Metal additive manufacturing ventures were a share-booster in 2013.
I wonder how 2013 will be reflected upon in the Dorling Kindersley History of Additive Manufacturing, when Dorling Kindersley furnishes us with such a tome, that is? An advent of the technology perhaps? Or maybe the most disruptive and news-packed year for 3D printing is yet to come?
We can't accurately predict the future and this is certainly the case for the financial markets. Even recent history has taught us that we really cannot afford to rest on our laurels relax knowing our stocks are going to continue to rise. What we can do, however, is look back.
Here's my market roundup of the big three, 3D Systems (NYSE:DDD), Stratasys (NASDAQ:SSYS) and ExOne (NASDAQ:XONE) reflecting on how they started the year on their respective New York indices, how they are looking to finish the year and what their most recent quarterly statements predicted for the 2013 financial year.
3D Systems has had a prosperous 2013, with the 3D printing industry juggernaut peppering not only the sector's trade press and websites, but the wider tech media as well, with new releases, announcements of appearances at major trade events and - of course - acquisitions.
Perhaps 3D Systems' most newsworthy deals of the year were struck with Phenix Systems, which has enriched 3D Systems' metal additive manufacturing output, and the more recent merger with Figulo, a leading ceramic additive manufacturing company.
After a successful third quarter, which saw 3D Systems' third-quarter revenue increase by 50 per cent year on year to $135.7 million on a 76 per cent increase in 3D printer revenue, the company revised its full year guidance to between $500 million and $530 million.
Shares in 3D Systems started the year at around $35 per unit and in that time have more than doubled in value. Indeed, at open in New York today (December 20th 2013) 3D Systems stocks exceeded the previous 52-week high of $83.19 to $85.23. Let's just say it's a very merry Christmas for shareholders.
Stratasys surprised all of us by announcing it was the mystery buyer acquiring consumer 3D printing super-brand MakerBot back in June. Unlike its main rival 3D Systems, Stratasys is much less prolific in its acquisitions, but as we saw with Objet in 2012, when Stratasys buys a company it goes for the biggest fish in the pond.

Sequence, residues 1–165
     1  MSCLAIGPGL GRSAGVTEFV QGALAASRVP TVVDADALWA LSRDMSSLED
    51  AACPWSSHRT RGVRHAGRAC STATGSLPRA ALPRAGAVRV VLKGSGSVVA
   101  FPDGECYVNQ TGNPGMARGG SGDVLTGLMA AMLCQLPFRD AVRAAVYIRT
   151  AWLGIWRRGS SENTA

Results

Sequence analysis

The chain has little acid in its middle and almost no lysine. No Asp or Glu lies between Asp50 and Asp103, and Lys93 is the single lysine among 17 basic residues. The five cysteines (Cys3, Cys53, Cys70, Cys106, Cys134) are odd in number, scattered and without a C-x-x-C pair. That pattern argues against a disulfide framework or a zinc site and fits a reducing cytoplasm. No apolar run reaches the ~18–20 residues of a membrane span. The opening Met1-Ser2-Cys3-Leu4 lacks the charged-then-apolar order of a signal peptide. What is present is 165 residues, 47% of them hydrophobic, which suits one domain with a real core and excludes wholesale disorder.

We will be seeing more of the repercussions of this massive buyout in the new year, but until then, Stratasys has been enjoying the spoils of its Objet merger, which was completed pretty much exactly a year ago.
Like 3D Systems, Stratasys had a good third quarter, revealing non-GAAP revenue for the period (including MakerBot) of $126.1 million - a 39 per cent increase over the $90.9 million Stratasys and Objet pro forma combined revenue for the same period in 2012.
The optimism conveyed for the October-December period meant Stratasys also revised its full year guidance of between $470 million and $490 million against a previous guidance of between $455 million and $480 million.
CEO David Reis commented: "Our industry remains ripe for growth as new and innovative applications continue to emerge for our technology. We are very excited about the future." This rousing conclusion to the Q3 results helped to boost Stratasys' shares on the NASDAQ to jump to their 52-week high of $128.17.
After starting the year pretty much square on $80.00 per unit, Stratasys shares are now hovering in the mid-$120s, starting today's trading on $125.31 per share. Although shareholders have endured some troughs along the way, Stratasys shares have made steady progress and the arrival of more quantifiable evidence the MakerBot deal is going to be as lucrative as it feels will reflect well on full-year results when they start coming in.
Finally ExOne. 2013 has certainly been a year in which metal additive manufacturing has been given time in the sun and ExOne could not have planned its IPO for a better time when it comes to enticing investors in the know.
Nevertheless, the road has not always been a smooth one for ExOne this year on the NASDAQ, which is not unusual for companies that have not yet been public for a year. As ExOne approaches its one year anniversary, though, investors will be looking for the bumps to begin to smooth out.
ExOne reported $11.6 million in third quarter revenue, which is a $3.1 million increase over the same quarter in 2012. This rise of more than one-third (36 per cent) was driven by eight machine sales, with customers in Japan, Germany, Russia and the US.
ExOne said in October that it expects to end the year at the lower end of its guidance spectrum - so closer to $48 million than $52 million.
On February 7th, ExOne announced its IPO would be priced to the public at $18.00 per unit. On open today ExOne shares were stable at $54.78 per unit, which is a good head and shoulders below the year's $75.7 peak.
I'd like to see more communication from ExOne, which is reassuringly industrious, but very quiet compared to its rivals. But then who says you need to be making lots of noise to do good business?